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Right keyword density in product descriptions?

Style vs substance, under-optimizing vs over-optimizing...

7:11 am on Nov 11, 2007 (gmt 0)

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joined:June 18, 2007
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Hello, all.

Question regarding the "right" (if there's such a thing) keyword density in product description content.

I need to rewrite the description text for about 100 widgets produced by our company - how many keywords can/should be included?

In our industry, widgets can be only 2 types, and made of only 5 basic materials, with 3 being very common.
Typical searches for our type of product include:

"material" + "widget"
"type" + "widget"
"material" + "type" + "widget"
"designer" + "widget"

Here's an example (manufacturer's name changed to Example, common Google keywords for our industry are in bold, unique/protected names capitalized, all other in lowercase):


Graceful form and enduring blah blah blah of the highest-grade material1, the Model Line of type 1 widget from Example creates a design statement etc etc etc.

Model Line's blend of high-grade material1 and secondary material makes it the perfect companion for your particular situation.

Like all other Example material 1 type 1 widgets, the Model Line features fine Foreign-Country engineering along with stunning design.

With a powerful feature1, electronic feature2, easy maintenance, feature3, the exclusive Example Feature4, and many other attractive features, the Model Line models are the perfect choice for those who demand the best in technology and style.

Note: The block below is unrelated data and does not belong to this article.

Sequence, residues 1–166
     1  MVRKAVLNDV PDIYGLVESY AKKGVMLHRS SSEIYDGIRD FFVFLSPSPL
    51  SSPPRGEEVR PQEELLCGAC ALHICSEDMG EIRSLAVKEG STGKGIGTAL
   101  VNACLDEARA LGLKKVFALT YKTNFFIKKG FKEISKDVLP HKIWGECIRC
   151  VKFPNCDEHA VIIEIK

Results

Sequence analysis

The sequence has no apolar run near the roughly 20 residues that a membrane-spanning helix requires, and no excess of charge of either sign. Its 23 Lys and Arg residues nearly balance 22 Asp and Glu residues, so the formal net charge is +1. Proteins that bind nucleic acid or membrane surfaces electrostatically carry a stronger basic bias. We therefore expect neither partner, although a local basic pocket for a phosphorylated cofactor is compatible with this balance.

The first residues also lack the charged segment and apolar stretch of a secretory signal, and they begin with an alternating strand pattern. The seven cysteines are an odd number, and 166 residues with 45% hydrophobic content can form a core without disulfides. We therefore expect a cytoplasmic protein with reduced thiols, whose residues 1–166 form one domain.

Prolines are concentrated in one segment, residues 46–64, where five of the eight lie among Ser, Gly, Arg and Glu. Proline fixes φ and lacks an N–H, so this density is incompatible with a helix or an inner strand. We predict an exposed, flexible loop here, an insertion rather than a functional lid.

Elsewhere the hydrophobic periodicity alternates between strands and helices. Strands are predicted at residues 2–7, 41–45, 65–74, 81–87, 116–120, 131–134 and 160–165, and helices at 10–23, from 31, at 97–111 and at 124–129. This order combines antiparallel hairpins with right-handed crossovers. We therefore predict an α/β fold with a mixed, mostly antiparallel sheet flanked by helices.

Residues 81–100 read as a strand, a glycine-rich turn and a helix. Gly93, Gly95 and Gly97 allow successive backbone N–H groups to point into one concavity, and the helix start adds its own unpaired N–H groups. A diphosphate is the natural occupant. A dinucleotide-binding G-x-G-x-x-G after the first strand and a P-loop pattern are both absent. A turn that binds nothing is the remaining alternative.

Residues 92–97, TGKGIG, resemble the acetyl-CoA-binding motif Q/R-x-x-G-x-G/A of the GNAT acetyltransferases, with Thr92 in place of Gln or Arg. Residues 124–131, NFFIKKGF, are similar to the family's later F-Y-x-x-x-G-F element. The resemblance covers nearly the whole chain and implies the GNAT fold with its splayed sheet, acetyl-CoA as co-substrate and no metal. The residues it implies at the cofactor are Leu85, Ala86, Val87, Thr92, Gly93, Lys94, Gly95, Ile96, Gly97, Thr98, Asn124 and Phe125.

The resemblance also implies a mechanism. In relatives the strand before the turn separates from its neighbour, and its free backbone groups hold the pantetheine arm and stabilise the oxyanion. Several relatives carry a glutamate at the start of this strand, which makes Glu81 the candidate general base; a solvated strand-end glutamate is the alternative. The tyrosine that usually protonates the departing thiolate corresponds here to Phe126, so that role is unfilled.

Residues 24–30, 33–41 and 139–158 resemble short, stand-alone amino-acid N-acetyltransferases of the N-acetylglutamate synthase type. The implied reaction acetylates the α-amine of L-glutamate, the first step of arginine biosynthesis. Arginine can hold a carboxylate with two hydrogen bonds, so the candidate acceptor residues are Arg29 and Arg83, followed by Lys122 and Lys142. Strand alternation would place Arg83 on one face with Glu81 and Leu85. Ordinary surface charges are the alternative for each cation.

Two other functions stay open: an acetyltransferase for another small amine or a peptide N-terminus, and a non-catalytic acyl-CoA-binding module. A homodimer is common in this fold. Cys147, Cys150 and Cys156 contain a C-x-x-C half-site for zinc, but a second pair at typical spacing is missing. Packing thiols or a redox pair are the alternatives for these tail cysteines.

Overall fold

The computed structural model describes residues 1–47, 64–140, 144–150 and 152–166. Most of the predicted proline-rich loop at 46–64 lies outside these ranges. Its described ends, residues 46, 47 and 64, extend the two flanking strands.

Two things make the Model Line Type 1 Widget stand out from the already-unique selection of Example Widgets: patented "Brand Name" Feature 5's for certain special benefit, and included Feature 6 for the perfect finishing touch.


Is this too many keywords? Too few? Should they be grouped closer, or spread farther apart? The same structure will be followed on all other product pages (overview - affirmation - commonality - specifics - highlights), and I would like to work out a guideline for writing this content, keeping a balance between SEO and style.

Also, since this content is only visible if the user clicks on the control header, does Google consider it part of the page, or a separate page (as far as the calculation of keyword-weight VS amount-of-total-content goes?)

Thanks in advance!

6:00 pm on Dec 9, 2007 (gmt 0)

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joined:Feb 18, 2003
votes: 0

Keyword density isn't something you should worry about. Write descriptions that will make sense to the user and your density will be good. Getting backlinks with keywords in the URL text is more important than keyword density on the page.

I have access to a keyword density tool through a paid subscription for another product. Three weeks ago I did a sampling (about 30) of a bunch of generic two word phrases that weren't associated with a specific product name or company name (e.g. computer chair) and for the #1 sites the average onpage keyword density for the phrase I used to search was about 2%. Some were as high as 25% but that was a spammy site that I suspect will get lowered and I'd suspect they probably bought a ton of paid links.

But like I said, don't worry about it - write what makes sense for the user.

8:06 am on Dec 16, 2007 (gmt 0)

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posts: 774
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Yep.... What he said... Ignore density. Write good content that flows as it would if you were describing your product to a neighbor and wallah! You should be fine.